All I could do was wipe the drool off my face and continue eating my meal as if nothing had happened. I wanted to go scrub my face; but I was afraid of how it might appear to that girl, and I didn't want to shame or embarrass her. So I unceremoniously used a paper napkin to wipe the side of my face and finished the meal with my family.

After we left the restaurant, I nervously laughed about it all. Not cruelly; just to shake off the discomfort.

And then our family had a little talk about what manners really are: they are norms and standards of behavior which are there to prevent people from being uncomfortable.

In this case, the girl, for whatever reason, had not learned them. Yet. She was still being taught about personal space.

But those things we teach the children about being polite, those things kids find silly or a pain or too formal or 'whatever,' are there to help us all feel comfortable.

Case closed, right?

But I still felt funny.

An odd mix of feeling both violated by and protective of that girl...

Even writing this post feels like dashing off to the bathroom to scrub my face clean.

But in the end, you have to do something to validate to yourself your own experience. You might begin with the giggles to wiggle the crazy-awkward feelings off; but at some point, you also want to acknowledge the deeper issues... The questions...

You don't want to blame or shame this girl who didn't know any better (or, if she did, who just couldn't control her impulses); you aren't looking for a pound of her flesh. But it isn't over. Not yet.

It could be your own personal neurosis, your decades of training in observation & problem solving atypical behaviors, but you do have to wonder, "Why me?" Why did this girl single you out? And what had she singled you out for? Was it a 'good' feeling that she impulsively followed? Or was she agitated, acting out of anger? Whatever she was feeling, why did she find you so important to share it with or direct it at? And did you respond appropriately -- or have you somehow made things worse?

You don't know the answers; you won't know them. You wouldn't dream of asking for such things & making others uncomfortable (including your spouse who was there). But you can't ignore it all in the name of politeness either.

As a writer, you write it.

Monday, September 07, 2009

'Round Here, We Call Days Like This "Saturday" (Part One)

Seven minutes after I wake up on Saturday, I go out on the front porch for a smoke (no lectures; that's another story/post/time/place); hubby and middle child join me (they would have to speak to their own reasons & neuroses).

Neighbor from across the streets exits the door of the cute little 1920's apartment building. He is wearing a too-bright, too-cheery yellow & orange Hawaiian shirt & khaki shorts. "He's blinding me with shirtness," I wince. Hubby begins to work the word "shirtness" into Dolby's Blinded Me With Science while the neighbor heads out of sight to the parking behind the apartment building.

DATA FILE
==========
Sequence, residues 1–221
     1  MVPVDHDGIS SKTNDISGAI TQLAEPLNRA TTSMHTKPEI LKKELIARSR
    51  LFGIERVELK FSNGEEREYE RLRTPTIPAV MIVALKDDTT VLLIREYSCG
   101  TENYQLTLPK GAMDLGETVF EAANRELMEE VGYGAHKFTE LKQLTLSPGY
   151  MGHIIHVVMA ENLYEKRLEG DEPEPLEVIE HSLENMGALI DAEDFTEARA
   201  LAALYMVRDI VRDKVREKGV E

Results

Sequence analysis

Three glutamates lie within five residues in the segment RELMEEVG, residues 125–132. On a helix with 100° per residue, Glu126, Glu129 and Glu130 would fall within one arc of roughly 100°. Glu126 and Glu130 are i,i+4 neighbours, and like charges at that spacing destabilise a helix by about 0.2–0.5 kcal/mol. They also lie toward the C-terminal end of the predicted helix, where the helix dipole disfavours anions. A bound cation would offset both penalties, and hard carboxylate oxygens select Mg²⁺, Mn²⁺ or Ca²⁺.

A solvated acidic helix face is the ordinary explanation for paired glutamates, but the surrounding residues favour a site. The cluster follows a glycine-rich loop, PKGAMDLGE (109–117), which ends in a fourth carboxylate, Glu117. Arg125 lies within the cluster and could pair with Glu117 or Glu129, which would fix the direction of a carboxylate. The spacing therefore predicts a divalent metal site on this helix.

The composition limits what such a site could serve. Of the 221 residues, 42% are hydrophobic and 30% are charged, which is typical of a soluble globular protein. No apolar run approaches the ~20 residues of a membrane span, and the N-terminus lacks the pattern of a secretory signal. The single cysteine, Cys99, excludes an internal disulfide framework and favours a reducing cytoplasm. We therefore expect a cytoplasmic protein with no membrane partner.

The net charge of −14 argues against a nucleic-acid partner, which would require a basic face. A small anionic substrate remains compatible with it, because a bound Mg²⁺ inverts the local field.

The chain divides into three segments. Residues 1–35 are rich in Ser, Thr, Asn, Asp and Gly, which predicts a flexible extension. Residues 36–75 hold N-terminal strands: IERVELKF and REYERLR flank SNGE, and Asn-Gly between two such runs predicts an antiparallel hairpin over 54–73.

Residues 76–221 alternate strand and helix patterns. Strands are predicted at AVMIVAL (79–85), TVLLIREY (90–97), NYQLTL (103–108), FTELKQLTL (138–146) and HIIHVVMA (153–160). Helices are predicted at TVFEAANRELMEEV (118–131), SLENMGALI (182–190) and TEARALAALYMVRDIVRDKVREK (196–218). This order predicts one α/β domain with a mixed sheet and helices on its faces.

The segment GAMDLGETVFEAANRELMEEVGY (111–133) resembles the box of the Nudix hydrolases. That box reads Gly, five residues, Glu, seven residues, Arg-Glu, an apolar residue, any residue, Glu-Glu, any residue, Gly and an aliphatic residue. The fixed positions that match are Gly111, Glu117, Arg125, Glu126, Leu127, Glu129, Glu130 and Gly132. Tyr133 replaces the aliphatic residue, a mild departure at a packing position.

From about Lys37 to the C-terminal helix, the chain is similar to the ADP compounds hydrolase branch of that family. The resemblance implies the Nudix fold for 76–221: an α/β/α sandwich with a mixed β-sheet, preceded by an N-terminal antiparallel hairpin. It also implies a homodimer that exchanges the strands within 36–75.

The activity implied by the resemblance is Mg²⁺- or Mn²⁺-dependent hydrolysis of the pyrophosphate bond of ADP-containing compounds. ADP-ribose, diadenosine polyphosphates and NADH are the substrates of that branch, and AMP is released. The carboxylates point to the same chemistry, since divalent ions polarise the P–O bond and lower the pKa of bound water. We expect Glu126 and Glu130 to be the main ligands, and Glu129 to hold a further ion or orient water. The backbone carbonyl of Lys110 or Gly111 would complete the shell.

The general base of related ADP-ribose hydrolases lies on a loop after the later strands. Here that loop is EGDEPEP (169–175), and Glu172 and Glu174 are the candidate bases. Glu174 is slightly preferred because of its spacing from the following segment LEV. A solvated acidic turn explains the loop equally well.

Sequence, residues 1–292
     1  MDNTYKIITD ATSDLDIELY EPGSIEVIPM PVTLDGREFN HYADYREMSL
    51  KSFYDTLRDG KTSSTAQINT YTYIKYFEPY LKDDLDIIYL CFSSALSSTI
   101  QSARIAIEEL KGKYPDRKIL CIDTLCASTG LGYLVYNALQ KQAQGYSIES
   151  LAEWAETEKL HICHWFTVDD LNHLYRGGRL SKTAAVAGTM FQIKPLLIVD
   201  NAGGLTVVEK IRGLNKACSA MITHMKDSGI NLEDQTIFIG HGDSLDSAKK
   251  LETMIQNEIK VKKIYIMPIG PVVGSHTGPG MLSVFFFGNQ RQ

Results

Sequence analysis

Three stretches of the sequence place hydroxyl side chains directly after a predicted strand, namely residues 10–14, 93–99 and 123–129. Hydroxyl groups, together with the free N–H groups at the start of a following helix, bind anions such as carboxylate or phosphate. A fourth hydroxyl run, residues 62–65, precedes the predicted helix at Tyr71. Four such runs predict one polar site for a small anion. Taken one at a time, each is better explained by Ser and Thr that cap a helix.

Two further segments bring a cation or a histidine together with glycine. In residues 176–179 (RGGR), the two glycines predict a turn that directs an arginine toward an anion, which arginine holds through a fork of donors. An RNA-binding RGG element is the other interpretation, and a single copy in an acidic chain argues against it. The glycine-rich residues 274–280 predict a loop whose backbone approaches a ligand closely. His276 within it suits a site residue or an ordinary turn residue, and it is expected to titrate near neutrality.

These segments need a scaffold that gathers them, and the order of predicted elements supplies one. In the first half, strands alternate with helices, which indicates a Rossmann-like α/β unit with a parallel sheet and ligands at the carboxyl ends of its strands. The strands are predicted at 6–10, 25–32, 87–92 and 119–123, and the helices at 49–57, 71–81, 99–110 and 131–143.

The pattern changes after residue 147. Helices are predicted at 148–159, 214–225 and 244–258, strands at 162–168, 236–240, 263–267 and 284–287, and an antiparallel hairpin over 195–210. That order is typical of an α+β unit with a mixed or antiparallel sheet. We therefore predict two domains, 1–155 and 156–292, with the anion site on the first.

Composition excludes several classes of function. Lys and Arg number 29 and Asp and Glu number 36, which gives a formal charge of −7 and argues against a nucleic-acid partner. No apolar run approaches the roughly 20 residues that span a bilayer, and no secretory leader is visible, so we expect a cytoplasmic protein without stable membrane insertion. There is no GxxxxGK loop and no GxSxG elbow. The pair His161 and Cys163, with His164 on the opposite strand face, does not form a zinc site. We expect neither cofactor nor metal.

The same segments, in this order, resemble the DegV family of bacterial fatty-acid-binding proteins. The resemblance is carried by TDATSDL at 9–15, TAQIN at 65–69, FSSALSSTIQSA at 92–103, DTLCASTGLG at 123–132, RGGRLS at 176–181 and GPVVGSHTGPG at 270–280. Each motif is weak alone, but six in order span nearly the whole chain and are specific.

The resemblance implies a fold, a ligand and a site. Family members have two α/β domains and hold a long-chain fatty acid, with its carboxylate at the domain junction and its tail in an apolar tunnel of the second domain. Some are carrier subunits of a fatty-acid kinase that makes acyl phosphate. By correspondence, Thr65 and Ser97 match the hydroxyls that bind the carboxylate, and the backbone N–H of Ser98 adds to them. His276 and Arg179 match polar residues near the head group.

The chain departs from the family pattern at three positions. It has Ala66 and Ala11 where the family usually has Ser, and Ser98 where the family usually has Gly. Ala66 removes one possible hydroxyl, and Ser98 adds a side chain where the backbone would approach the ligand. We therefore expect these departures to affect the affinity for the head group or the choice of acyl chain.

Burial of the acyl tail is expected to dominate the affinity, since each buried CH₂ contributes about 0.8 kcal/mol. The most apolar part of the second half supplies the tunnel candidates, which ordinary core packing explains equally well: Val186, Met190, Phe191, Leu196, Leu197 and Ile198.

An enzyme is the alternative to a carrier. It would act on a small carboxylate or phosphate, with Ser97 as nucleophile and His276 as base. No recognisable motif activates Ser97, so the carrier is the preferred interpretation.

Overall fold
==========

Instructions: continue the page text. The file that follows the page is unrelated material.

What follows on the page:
Moments later, the neighbor cruises up the drive -- on foot. I know he's heading towards us. Before he's reached the street, I've already tossed out the anxiety-ridden possibility that he'd heard my comment about his shirt and was coming to confront me and got the psychic vibe that he's going to ask for a ride. Sure enough.

"Can I get a ride to 19th Avenue North?" he smiles, "I thought I drove my car home last night, but once I got to my empty parking spot, I remembered I was too drunk to drive..."

This would be too much even for those with an irony deficiency, let alone me. Unable to control myself, I start laughing -- which sets off hubby. "You have bad luck, dude," I chuckle, "Of all the houses on the street... We have two vans, but neither is running."

It's the truth. Days after repairing Ookla, he busts a hose & is non-movable until hubby finishes the repair, and Star has plunged a bolt (with washer, so that it sealed the hole long enough to get home) deep into one of her tires and we were minutes from taking in her in for a new tire. ...Then again, at our house, at any given time we have car problems.

But anyway, the neighbor is undaunted. I'm pretty sure he was still under the influence. And not just because of the too-bright-for-anytime-let-alone-with-a-hangover shirt.

Looking at his watch he says, "Yeah, I'm supposed to meet my friends at a restaurant at 11:40 and it's 12:23 now..."

I don't have the heart to tell him that even if we could give him a ride, we wouldn't be able to deliver him back in time to join his friends.

Instead I joke, "You're name must be Murphy, huh?"

"No, my name's Chris," he happily responds.

"Uh, I meant Murphy, as in Murphy's Law."

"Oh the irony of the universe!" he happily acknowledges. And then tacks on an awkward, "I love you guys!" before he leaves.

But this is my life and I've only been up, what, like 15 minutes now? So the awkward is only just beginning.